Bringing the CMIH family together
Jiang's work on using a mathematical data driven approach to infrastructure and planning decisions in health care was just one example of the wide range of work done by members of CMIH at the event. Also speaking was neurosurgeon Chao Li, who explained how image analysis algorithms can help with the diagnosis and treatment of brain tumours. And biomedical physicist Sarah Bohndiek discussed some of the promising medical applications of using multispectral imaging, where objects are imaged using many different wavelengths of light. One potential application would be new medical equipment that could help spot, and so treat, precancerous regions in the oesophagus, stopping them developing into cancer.
A beautiful example of multispectral imaging
The breadth of speakers at this event and the links between their work really demonstrated the range and strength of the multidisciplinary collaboration supported by CMIH. "The CMIH is quite diverse in terms of research topics, with early career researchers, and with people coming from different disciplines and from industry," says Carola-Bibiane Schönlieb, Professor of Applied Mathematics at the University of Cambridge and Co-Director of CMIH. "We all have in common a passion for bringing data analytics into clinical research."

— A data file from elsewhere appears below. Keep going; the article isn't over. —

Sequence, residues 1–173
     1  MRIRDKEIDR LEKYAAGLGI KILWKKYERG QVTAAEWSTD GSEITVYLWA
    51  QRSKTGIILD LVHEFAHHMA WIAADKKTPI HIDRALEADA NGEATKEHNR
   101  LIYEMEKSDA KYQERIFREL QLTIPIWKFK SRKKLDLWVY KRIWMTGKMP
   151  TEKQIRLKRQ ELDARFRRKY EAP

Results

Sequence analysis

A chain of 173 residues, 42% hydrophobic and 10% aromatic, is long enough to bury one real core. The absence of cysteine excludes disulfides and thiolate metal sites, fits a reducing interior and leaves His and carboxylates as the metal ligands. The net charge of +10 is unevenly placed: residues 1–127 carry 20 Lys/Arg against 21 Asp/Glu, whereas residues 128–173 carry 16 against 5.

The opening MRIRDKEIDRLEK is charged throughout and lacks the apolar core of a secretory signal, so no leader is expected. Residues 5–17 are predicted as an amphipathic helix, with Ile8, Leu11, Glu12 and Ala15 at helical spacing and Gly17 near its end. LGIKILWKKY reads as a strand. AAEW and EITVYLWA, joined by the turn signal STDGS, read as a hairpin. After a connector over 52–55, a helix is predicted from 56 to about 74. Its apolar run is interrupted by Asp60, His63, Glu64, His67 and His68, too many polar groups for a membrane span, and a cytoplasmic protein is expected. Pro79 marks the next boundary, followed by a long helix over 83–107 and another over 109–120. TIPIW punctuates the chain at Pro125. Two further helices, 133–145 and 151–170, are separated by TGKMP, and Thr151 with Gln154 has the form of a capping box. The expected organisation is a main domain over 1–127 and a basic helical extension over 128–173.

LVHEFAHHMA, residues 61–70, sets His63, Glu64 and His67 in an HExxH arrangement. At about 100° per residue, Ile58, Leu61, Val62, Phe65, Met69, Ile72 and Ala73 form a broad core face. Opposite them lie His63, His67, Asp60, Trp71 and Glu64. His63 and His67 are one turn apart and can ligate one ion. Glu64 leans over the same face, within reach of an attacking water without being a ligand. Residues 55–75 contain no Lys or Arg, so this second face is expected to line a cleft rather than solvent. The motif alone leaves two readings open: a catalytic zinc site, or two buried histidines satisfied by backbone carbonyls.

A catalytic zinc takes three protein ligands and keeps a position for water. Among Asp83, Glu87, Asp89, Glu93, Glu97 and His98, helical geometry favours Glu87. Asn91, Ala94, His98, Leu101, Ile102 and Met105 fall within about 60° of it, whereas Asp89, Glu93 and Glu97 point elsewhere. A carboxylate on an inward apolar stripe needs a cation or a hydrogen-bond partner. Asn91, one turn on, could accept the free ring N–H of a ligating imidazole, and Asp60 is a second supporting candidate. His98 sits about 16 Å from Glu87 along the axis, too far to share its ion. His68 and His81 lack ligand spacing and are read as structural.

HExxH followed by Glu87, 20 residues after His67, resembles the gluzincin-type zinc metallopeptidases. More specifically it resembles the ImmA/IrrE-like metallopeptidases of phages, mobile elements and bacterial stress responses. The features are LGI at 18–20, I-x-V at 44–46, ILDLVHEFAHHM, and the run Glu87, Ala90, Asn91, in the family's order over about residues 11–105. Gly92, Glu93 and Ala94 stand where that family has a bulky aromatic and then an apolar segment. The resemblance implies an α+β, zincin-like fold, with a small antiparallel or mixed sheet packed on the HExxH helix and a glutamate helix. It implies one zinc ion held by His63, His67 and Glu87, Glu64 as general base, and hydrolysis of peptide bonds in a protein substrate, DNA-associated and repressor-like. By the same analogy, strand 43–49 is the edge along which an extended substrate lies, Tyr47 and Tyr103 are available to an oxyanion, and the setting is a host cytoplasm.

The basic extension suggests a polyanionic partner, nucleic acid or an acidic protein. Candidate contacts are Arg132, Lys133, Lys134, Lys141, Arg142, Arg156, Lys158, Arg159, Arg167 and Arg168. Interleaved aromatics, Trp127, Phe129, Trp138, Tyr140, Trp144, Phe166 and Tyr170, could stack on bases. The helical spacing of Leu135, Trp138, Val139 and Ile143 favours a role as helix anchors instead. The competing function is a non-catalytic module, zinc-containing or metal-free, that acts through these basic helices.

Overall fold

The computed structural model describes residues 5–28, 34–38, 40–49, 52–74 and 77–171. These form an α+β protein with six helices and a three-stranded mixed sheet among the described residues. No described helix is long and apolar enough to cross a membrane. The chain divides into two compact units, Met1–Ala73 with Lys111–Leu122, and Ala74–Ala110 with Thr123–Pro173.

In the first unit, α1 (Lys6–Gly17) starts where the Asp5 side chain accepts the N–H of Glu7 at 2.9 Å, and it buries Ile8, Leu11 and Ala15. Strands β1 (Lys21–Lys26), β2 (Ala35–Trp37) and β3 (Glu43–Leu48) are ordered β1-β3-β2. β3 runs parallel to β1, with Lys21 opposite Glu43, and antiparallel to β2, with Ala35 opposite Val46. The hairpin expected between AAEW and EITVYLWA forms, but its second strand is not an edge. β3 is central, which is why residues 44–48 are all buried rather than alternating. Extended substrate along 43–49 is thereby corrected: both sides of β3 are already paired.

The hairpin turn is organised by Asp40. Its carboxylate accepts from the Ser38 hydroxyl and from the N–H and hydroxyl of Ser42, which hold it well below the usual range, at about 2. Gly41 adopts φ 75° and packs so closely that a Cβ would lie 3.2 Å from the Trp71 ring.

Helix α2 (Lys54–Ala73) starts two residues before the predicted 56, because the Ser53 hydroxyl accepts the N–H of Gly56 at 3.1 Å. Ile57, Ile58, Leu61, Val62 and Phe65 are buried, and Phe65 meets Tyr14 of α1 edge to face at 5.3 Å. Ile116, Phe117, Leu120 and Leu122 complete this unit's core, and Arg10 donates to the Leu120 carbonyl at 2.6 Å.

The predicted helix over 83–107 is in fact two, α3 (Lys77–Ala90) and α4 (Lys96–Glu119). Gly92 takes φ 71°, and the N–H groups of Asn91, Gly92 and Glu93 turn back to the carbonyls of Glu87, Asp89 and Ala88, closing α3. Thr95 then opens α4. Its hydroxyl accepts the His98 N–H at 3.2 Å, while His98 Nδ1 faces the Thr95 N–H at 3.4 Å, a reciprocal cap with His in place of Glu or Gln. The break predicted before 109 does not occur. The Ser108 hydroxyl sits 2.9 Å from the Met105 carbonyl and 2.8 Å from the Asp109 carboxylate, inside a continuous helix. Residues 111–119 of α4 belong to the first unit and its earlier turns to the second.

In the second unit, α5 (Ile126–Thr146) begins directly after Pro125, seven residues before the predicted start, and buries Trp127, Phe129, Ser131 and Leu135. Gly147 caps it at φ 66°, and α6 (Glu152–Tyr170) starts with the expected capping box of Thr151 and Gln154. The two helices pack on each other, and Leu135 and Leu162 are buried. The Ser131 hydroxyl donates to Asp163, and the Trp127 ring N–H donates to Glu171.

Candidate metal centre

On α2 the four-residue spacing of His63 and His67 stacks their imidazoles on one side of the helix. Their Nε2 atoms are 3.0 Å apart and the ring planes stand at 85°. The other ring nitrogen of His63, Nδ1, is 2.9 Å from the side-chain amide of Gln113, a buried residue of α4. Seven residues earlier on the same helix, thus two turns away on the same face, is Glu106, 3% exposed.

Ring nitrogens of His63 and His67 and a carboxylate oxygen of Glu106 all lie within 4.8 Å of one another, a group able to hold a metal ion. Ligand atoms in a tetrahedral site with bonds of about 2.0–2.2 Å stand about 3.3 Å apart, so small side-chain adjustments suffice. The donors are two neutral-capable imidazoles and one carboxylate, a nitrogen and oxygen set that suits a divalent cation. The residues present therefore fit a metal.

James Rudd, Professor of Cardiovascular Medicine and Clinical lead of CMIH, said the work produced by the CMIH had already resulted in real impacts on the healthcare received by patients: "Quite a few [of the nearly 100 papers produced by CMIH so far] have impacted policy. For example, a model [developed by CMIH] for waiting lists for cardiovascular disease is now being used by NHS England."
And although the event marks the end of this phase of the CMIH, Schönlieb says that there are major developments in healthcare analytics that this group of researchers can play an important role in. One area of potential future work, which she suggested could become CMIH3, is looking at interfacing the mathematics and data science behind the health of our population, with that behind the health of our environment. Looking at these two societal challenges in a unified way may be the next frontier.
About this article
This article is based on a talk by Houyuan Jiang at the CMIH Academic Engagement Event which took place on 21 June 2023, hosted by the Newton Gateway to Mathematics.
The work Jiang spoke about is led by Dr Esther Kwong, Specialised Commissioning Public Health Consultant from the Healthcare team at NHS England. The collaboration with the Judge Business School at the University of Cambridge was established for capacity modelling and forecasting. Esther Kwong, Lauren Rixen, Zidong Liu, Feryal Erhun, and Houyuan Jiang have authored a report on this work, Public Health Needs Assessment for Major Trauma, which will be publicly available later in the year.
Rachel Thomas is Editor of Plus.
This article was produced as part of our collaborations with the Cambridge Mathematics of Information in Healthcare Hub (CMIH), the Newton Gateway to Mathematics and the Isaac Newton Institute for Mathematical Sciences (INI).
The INI is an international research centre in Cambridge which attracts leading mathematicians from all over the world. The Newton Gateway is the impact initiative of the INI, which engages with users of mathematics. You can find all the content from the collaboration here.